A former police superintendent, Abubacar Jeng, has told the Truth, Reconciliation and Reparations Commission (TRRC), that the July 22 coup was “a fluke.”

Jeng, the fifth witness to testify at the TRRC, said the coup succeeded due to the lack of resistance by some security officers. He blamed the security personnel at the Dentong Bridge for failing to resist the coup.

Former police superintendent Abubacar Jeng

“The July 1994 was a fluke. It was poorly organised by angry people. The leadership was not structured. You can’t make a coup without a statement. If there was a proper engagement and resistance there would never have been a July 22nd coup.

“The leadership didn’t do what was expected of them. There was a failure and I didn’t think there was credible resistance at the Denton Bridge. If I was on the bridge I wouldn’t have surrendered that easily. I would have made a robust defence. I would have negotiated and persuaded them.
Fighting would have been the last resort.”

Jeng gave a situational report of the challenges the police faced in the 90s and said the force had problems with resources and logistics to effectively carried out their duties. He said the force had difficulties in recruiting highly qualified individuals.

“The perception of the police institution was that it was only for school dropouts and people with limited career opportunities.”

He said that changed when the Tactical Support Group of the Gendermarie was merged with the Gambian Police Force adding that it became a professional police institution with highly skilled personnel in charge.

July 22nd 1994 coup

Jeng disclosed that there were rumours of a pending coup the days leading up to 22nd July 1994. He was working then at the police headquarters and said the government took measures at the airport to disarm the guard of honour welcoming the then president Jawara.

He said on the day of the coup he went to work as usual and went through the normal morning parade and briefing .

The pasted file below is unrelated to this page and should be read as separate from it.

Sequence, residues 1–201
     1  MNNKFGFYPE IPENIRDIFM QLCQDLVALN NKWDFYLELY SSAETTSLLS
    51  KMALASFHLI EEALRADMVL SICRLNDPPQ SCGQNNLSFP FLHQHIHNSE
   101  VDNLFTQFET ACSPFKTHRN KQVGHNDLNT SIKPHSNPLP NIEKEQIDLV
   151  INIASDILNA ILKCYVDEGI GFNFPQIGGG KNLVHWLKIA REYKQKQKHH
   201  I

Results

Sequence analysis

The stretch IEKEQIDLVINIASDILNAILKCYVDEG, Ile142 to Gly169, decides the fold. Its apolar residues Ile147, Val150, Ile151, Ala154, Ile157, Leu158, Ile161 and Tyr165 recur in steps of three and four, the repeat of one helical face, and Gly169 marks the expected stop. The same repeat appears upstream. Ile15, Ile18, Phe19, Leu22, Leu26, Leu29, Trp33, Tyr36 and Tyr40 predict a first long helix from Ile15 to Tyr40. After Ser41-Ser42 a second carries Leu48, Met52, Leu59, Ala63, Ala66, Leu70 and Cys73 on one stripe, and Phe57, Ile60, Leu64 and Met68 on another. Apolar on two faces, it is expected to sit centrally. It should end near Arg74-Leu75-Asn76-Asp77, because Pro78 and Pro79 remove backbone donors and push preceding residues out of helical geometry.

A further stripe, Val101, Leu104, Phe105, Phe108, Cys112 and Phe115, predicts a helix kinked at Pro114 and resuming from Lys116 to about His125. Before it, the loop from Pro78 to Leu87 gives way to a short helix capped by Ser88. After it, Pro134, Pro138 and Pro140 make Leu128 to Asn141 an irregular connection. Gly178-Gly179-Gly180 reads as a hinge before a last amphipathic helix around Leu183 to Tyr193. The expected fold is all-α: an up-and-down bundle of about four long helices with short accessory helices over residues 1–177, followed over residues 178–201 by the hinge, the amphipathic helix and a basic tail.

Shortly later they were summoned again by the then Assistant Inspector General of Police, Ebrima Chongan and informed that there was a mutiny by soldiers of the Gambian army and were marching towards Banjul, the seat of government. He said measure were taken and officers of the TSG were deployed at Denton Bridge.

“Chongan stressed the need for the fortifications of the police headquarters. This task was delegated to the officer commanding Banjul at the time, Gibril Joof. We were tasked to secure arms from the Banjul Barracks and made key deployments in and around the Police Headquarters.”

He said that news came through of the progress of the mutineers. “We were told that they were progressively moving towards Banjul. Fajara Barracks was taken without any resistance, the standoff at Denton Bridge, the crossing of the bridge, the movement to State House and the toppling of the government”.

He said the leaders of the coup (2nd Lt Sana Sabally, 2nd Lt Sadibou Hydara, Captain Momodou Sonko) came to the police headquarters.

“I was privy to it as I was at the office of the IG discussing what had taken place. Captain Sonko was speaking to AIG Chongan telling him that the coup was a success and they were now in control of the country and that the TSG should surrender.

“2nd Lt Sabally and 2nd Lt Hydara entered the office. And the first statement that Sabally issued was “there’s nothing to discuss and there should be no discussion in this office.”

He said Sabally ordered all the senior police officers to assemble outside the police headquarters.

“We obeyed because there was no ability for resistance anymore. We all assembled as ordered outside the offices of Standards Chartered Bank. We were all standing there rejected, dejected and hopeless. A complete sense of failure. It was shameful. It was humiliation. We were denied acces to our offices and paraded outside a banking institution.

“There was no resistance. It would have been suicidal. The only resistance I knew of was that of AIG Chongan around Radio Syd under the cover of ambush.”

Jeng said he was appointed as secretary to the Junta after a meeting with Edward Singhateh who had enquired about his educational background and birth place. The scope of his work, he said, was to cover the meetings of the juntas with members of the diplomatic missions.

He disclosed that he was falsely accused of plotting a coup and arrested by the junta. He said he was accused of being part of a “Wollof boys coup”.

He said he was taken to the Security Wing of Mile Two Prison where he encountered Mamat Cham, Sam Sarr, Chongan in the prisons and it was there it dawned on him about the allegation of the Wollof boys staging a coup.

He described the appalling prison conditions which only improved after the visit of Bishop Michael Claery.

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